Worker’s comp is intended to provide coverage for workers who get hurt or sick on the job. Most workers’ comp claims are for clearly work-related injuries, such as a back sprain suffered while lifting material, a laceration from a piece of equipment or a broken ankle suffered in a trip-and-fall.
But some workers file claims for injuries suffered under more unusual circumstances. A recent case from Australia is a perfect example.
A woman who worked for the Australian government was sent on an overnight business trip to New South Wales. She stayed in a hotel chosen by her employer at its expense.
The worker met a friend on the trip. While they were having sex in her hotel room, a light fixture on the wall above the bed fell off and hit the woman in the face, injuring her nose and mouth. She filed a workers’ comp claim for her physical injuries and depression caused by the incident, claiming she was entitled to compensation because she was at the hotel on business and was hurt while in the course of employment.
Comcare, the Australian government’s workplace safety organization, rejected the claim, finding that her activity at the time she was injured wasn’t work-related. Its Appeals Tribunal upheld the decision, ruling that sex wasn’t an “ordinary incident of an overnight stay” that could be expected on a business trip.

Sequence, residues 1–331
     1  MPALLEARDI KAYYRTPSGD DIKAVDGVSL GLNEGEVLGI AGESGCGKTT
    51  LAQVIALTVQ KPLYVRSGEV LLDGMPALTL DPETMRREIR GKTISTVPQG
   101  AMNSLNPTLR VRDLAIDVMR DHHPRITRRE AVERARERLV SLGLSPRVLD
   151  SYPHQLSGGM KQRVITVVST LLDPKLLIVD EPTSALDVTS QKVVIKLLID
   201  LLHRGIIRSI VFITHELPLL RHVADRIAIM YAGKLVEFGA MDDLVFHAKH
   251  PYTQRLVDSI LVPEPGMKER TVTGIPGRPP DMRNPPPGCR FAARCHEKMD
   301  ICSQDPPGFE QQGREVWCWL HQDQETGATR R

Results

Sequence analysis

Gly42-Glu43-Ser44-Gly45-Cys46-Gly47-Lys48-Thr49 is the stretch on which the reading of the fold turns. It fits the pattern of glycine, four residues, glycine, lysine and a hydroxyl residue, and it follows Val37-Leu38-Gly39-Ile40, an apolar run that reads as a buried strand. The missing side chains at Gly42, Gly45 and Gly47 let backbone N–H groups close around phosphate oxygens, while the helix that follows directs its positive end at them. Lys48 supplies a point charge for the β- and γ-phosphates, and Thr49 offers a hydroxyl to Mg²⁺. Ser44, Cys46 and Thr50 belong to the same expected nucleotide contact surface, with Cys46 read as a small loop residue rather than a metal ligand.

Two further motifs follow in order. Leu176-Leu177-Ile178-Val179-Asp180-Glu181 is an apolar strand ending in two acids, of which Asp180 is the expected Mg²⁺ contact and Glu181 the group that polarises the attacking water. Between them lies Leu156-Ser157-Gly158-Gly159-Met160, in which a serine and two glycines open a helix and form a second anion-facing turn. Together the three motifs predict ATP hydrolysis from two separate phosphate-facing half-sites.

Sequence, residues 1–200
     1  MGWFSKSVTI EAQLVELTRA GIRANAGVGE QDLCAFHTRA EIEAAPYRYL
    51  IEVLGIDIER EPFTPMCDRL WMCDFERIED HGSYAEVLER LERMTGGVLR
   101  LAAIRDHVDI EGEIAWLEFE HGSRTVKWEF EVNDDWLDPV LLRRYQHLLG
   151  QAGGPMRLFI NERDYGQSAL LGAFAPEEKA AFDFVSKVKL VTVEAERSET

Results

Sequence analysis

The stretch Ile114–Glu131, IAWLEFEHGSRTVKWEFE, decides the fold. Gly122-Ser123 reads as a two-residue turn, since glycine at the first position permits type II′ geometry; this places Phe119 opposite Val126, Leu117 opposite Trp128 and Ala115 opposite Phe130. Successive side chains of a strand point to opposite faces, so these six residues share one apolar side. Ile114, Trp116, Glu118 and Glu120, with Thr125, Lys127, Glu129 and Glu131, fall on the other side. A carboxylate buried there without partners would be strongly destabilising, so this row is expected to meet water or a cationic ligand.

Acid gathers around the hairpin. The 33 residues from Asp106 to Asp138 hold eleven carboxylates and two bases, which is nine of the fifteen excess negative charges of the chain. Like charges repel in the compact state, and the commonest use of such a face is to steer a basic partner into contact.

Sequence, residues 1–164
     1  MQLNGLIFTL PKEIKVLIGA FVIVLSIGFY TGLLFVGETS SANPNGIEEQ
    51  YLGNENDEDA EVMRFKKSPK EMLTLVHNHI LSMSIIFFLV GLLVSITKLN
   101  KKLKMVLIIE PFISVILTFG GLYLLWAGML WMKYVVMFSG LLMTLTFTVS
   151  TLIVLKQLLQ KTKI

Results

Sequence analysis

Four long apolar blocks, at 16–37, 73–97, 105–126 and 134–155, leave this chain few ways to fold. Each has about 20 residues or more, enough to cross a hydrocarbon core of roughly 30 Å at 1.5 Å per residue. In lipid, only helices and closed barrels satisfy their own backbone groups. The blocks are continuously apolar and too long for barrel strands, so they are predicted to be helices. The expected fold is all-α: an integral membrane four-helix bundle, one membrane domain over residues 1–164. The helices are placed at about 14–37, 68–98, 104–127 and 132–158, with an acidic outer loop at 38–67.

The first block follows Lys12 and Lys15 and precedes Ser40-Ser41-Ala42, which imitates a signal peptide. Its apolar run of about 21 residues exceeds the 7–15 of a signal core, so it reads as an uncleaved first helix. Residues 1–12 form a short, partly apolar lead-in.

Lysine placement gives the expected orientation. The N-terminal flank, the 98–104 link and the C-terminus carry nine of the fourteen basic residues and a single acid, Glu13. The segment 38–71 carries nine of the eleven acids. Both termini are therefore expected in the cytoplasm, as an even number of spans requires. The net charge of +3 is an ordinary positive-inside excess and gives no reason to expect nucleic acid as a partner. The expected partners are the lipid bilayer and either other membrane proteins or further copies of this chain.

But the worker appealed and the Federal Court ruled in her favour.
The court found that the activity she was doing when she was hurt didn’t have to be encouraged or implied by the employer to be work-related. Without any specific misconduct, her presence in the hotel room when she was injured was enough to warrant compensation, said the court.
“If the (employee) had been injured while playing a game of cards in her motel room she would be entitled to compensation even though it could not be said that her employer induced or encouraged her to engage in such an activity,” said the court.
Comcare appealed and the full bench of the Federal Court upheld the ruling that the fact the worker was in the hotel room at her employer’s instruction was enough to make her eligible for compensation.
We couldn’t find an equivalent ruling in Canada. But here are some unusual situations in which Canadian workers filed workers’ comp claims—can you tell which claims succeeded? Worker was injured:
- While drunk
- On a meal break
- While working out in the employer’s gym
- While working from home
- After he quit
- In an assault by a co-worker
- While horsing around on the job.